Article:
Neo-rococo

Laurel Sparks at Yezerski, plus Julie Miller, Sheila Gallagher, Darren Foote, and Michael Ellis
By GREG COOK  |  February 20, 2009

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ARCHANGEL: Sparks combines 1940s and ’50s Abstract Expressionism with 1980s Rainbow Brite glam.

Jamaica Plain's LAUREL SPARKS has become one of our best local abstract painters, as her new collection of bright, fun, juicy, abstracted chandeliers at Howard Yezerski Gallery (460 Harrison Avenue, through March 10) attests. They're all charming sweetness and decadence. (She calls them "portraits of glamour and decay.") And, boy, she has a way with paint.

Sparks appears to begin her compositions with meandering marker drawings outlining the shapes of chandeliers. On top, she slathers chalky acrylic paint, silver enamel, marble dust, glitter. The paint is by turns gritty or drippy. The compositions feel like coloring books joyously colored outside the lines.

A 2006 series took off from Christmas trees. Paintings she had in the DeCordova Museum's 2007 exhibit "Big Bang! Abstract Painting for the 21st Century" suggested blooming coral, flowers, and bejeweled, masked ogres. But chandeliers have been her primary motif since at least 2004. In earlier works in this series, she stuck close to the original silhouette of the light fixtures. Here the underlying inspiration has been more subsumed by the act of painting itself, and the paintings are the richer for it.

Aficionados of Boston painting may see connections between Hyman Bloom's sturm und drang Expressionist paintings of Christmas trees and synagogue chandeliers of the 1930s and '40s. (Some were shown at the Danforth Museum in 2007.) Bloom transformed the objects' glow into spiritual force. The painter Bernard Chaet tells a story that Willem de Kooning told him: he and Jackson Pollock saw these paintings at New York's Museum of Modern Art in 1942 and thought Bloom a charter Abstract Expressionist.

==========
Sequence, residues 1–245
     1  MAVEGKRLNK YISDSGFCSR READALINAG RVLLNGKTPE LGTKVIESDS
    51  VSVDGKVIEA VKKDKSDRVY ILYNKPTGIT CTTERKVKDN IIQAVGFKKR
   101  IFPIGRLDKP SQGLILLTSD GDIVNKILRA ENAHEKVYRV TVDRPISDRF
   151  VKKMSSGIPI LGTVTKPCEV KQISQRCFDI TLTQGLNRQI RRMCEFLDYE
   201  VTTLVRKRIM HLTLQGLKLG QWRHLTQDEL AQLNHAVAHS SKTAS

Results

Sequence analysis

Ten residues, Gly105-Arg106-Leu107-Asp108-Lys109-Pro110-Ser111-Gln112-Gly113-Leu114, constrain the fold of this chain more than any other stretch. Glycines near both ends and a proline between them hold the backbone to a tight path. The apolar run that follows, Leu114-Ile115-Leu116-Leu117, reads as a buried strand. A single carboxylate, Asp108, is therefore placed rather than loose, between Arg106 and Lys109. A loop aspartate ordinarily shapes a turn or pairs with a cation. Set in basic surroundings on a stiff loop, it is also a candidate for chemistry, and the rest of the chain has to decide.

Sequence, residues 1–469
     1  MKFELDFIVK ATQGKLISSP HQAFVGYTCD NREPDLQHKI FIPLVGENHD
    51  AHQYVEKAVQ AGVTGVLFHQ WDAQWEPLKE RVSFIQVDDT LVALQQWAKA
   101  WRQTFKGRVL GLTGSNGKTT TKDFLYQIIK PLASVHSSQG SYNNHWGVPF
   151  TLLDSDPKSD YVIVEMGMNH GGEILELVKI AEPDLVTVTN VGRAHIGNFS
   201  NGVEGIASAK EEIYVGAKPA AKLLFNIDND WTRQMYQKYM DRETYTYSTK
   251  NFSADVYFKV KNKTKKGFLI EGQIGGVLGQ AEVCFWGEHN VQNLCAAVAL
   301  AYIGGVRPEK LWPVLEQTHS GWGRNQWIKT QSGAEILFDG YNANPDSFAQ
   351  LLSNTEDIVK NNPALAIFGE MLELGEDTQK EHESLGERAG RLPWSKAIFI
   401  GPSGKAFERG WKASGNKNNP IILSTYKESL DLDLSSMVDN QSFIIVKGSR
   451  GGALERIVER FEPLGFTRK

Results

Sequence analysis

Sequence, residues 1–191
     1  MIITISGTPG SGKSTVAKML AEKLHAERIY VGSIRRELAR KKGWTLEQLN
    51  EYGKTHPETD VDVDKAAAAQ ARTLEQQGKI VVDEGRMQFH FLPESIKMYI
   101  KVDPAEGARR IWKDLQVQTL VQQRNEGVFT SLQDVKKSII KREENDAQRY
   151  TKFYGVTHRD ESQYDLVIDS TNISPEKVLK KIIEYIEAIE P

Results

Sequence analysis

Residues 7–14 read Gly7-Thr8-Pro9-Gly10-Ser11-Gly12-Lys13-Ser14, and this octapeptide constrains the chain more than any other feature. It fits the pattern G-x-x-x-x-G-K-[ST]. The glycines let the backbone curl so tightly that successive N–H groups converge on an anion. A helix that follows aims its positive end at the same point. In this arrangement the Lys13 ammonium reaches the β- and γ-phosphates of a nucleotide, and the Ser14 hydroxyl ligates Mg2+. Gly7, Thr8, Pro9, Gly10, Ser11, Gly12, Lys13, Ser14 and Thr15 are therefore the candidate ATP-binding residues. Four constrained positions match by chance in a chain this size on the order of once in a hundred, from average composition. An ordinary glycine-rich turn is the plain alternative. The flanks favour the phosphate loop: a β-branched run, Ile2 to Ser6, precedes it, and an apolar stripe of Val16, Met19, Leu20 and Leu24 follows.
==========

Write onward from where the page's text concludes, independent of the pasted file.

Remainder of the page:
Sparks has that same sort of painterly sophistication, but six decades on, who can pretend that God and life and existential everything depend on the fate of a canvas? Instead, Sparks's paintings explore unabashedly seductive beauty. Her chandeliers in cotton-candy pinks and bubblegum blues bring to mind the sumptuous rococo gowns, hair-dos, and let-them-eat-cake desserts of Sofia Coppola's 2006 film Marie Antoinette, a portrait of the queen as a moneybags new-wave party gal. Just as Coppola combined old (1770s and '80s) with retro (1980s), Sparks seems to combine 1940s and '50s Ab Ex with 1980s Rainbow Brite glam (which seems to be everywhere these days).

Here and there she sticks on papier-mâché, felt balls, and wire flowers. Some of it turns into unsightly gobs resembling tar or gum stuck under a table — but these ugly bits are accents that make all the rest seem even sweeter.

Steven Zevitas Gallery (450 Harrison Avenue, through February 28) is also focusing on abstraction with a show of JULIE MILLER's new, brightly hued pen drawings. This Bostonian fills sheets of paper with zillions of teensy fine-line circles. Her similar drawings in DeCordova's "Big Bang" exhibition suggested microscopic views of skin or circulating blood cells. The works here feel more like straight-up abstractions focused on a single color or a few similar hues. o (18) features purple and blue stripes; o (19) is a slippery field of red and orange circles that seem to shift and subtly throb. Sometimes they bring to mind dotted color-blindness test charts.

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